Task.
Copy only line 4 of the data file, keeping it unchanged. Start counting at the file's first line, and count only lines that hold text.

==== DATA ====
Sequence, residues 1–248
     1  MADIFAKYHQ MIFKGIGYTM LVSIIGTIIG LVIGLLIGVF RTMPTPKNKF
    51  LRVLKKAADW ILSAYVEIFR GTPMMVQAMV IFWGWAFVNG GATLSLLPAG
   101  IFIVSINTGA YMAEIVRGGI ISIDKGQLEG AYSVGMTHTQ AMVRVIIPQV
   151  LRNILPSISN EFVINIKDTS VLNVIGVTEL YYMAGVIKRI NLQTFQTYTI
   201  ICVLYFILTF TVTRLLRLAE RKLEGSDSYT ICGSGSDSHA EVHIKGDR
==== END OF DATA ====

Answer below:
   101  IFIVSINTGA YMAEIVRGGI ISIDKGQLEG AYSVGMTHTQ AMVRVIIPQV